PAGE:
Q Do you have -- just shifting to international affairs -- do you have anything on Egypt? Fourth day of protests in Tahrir Square. What is the President’s level of concern?
MR. CARNEY: Well, we are deeply concerned about the violence. The violence is deplorable. We call on restraint -- we call on all sides to exercise restraint. We think it’s very important that the elections go forward. And, again, going back to the first point, the violence needs to stop. The Egyptians need to be able to decide their future and decide it in a peaceful manner.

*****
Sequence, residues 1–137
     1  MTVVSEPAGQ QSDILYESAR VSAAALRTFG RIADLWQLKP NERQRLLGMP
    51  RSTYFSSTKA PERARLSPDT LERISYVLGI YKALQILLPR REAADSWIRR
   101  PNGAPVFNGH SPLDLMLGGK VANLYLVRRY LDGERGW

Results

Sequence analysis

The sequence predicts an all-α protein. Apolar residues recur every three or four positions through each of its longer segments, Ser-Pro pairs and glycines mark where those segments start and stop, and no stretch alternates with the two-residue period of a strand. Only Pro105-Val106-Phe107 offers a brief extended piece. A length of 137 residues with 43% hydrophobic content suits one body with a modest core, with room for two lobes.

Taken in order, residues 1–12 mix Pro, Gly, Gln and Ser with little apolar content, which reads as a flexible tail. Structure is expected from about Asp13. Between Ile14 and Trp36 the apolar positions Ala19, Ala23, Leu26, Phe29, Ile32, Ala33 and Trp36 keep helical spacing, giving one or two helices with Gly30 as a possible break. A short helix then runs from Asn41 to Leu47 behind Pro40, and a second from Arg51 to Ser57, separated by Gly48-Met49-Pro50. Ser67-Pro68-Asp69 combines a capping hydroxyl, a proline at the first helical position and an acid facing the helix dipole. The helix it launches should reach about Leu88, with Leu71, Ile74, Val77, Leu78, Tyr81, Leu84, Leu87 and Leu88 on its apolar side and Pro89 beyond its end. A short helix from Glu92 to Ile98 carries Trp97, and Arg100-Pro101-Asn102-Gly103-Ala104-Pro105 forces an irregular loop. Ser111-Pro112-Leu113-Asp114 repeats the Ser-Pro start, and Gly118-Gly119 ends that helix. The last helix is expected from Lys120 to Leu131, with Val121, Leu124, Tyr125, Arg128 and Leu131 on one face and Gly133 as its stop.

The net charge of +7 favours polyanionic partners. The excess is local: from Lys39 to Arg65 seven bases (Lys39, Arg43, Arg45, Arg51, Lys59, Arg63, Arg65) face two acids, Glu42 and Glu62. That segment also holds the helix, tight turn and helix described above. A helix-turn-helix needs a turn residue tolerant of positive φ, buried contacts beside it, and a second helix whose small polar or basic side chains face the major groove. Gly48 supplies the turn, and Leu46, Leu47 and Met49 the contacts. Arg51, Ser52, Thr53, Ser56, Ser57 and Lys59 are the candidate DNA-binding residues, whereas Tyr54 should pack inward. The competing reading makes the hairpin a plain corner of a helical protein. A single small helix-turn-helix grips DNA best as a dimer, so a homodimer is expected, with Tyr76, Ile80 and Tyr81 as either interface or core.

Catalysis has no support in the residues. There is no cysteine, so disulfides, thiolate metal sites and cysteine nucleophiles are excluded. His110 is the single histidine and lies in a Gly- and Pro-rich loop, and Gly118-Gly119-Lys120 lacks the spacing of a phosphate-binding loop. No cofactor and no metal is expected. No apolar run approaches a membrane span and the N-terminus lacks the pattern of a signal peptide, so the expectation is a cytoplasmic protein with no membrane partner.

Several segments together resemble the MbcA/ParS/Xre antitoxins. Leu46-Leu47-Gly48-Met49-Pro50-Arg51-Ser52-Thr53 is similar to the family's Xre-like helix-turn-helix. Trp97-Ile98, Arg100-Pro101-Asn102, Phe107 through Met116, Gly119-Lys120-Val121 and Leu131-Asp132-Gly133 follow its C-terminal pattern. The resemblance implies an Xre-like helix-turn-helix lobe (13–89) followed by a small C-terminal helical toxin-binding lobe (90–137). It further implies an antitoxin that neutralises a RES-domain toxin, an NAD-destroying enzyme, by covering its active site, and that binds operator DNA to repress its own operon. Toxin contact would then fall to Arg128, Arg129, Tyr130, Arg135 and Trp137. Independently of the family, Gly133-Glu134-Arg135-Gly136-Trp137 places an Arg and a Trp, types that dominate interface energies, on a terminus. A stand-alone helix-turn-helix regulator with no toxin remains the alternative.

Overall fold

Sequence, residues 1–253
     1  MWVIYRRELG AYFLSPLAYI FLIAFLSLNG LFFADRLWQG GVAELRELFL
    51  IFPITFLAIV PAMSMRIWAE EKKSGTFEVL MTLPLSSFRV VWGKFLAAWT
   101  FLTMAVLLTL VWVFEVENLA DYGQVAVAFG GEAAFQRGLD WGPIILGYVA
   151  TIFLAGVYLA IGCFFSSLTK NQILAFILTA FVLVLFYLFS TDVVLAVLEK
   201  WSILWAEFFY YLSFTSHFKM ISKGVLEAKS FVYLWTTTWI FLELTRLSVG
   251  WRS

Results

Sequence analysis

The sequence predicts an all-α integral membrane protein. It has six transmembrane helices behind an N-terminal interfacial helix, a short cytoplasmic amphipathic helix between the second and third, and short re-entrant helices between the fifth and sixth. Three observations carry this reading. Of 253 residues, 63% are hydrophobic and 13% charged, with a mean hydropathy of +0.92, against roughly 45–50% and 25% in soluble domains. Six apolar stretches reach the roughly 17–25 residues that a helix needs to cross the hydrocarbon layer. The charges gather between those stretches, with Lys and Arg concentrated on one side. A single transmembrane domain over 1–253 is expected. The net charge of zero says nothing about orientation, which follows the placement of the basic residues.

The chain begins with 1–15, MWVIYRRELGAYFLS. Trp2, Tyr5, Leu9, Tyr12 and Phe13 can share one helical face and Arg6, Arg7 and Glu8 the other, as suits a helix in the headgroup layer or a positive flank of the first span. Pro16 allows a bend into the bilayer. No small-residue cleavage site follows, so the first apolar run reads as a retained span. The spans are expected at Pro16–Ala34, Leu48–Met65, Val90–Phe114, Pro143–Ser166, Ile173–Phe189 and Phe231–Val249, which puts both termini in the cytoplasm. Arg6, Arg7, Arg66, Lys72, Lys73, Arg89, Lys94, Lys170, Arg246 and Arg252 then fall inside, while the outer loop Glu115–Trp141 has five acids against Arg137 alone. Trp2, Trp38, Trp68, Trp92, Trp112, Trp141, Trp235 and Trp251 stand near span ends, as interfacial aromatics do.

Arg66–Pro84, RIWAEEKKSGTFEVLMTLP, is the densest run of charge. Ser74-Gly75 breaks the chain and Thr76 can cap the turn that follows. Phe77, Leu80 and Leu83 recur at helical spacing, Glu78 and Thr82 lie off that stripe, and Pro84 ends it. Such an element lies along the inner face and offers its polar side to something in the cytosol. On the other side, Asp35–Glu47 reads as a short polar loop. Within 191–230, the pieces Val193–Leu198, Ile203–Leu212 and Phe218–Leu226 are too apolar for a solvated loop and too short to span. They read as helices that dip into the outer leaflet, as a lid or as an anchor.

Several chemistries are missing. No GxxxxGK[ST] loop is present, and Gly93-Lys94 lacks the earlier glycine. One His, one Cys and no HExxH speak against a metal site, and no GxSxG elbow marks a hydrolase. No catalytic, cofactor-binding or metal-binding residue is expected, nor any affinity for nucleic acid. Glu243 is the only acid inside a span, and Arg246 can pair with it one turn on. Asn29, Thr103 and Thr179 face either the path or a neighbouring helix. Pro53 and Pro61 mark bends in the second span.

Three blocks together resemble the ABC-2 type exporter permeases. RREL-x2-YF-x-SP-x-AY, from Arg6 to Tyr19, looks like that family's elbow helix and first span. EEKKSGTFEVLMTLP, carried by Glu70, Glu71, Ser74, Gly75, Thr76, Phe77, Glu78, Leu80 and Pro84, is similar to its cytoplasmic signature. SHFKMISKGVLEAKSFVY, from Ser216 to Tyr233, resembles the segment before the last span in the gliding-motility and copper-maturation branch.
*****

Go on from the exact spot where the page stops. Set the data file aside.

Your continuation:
Q Any anything on the prime minister-elect in Spain? Has the President called, reached out to him yet? Anything in Europe in general?
MR. CARNEY: I don’t have anything new on Europe, beyond what I said yesterday.
Q Thank you.
MR. CARNEY: Hold on, there’s one other thing I wanted to say. (Laughter.) One other thing I wanted to say. No, let’s just talk about the calls for undoing the sequester, right? I mean --
Q Can you give us the White House views on undoing the sequester? (Laughter.) I just am curious --
MR. CARNEY: Hans, I am so glad you asked, because let’s go -- let’s examine this within the context of approval ratings for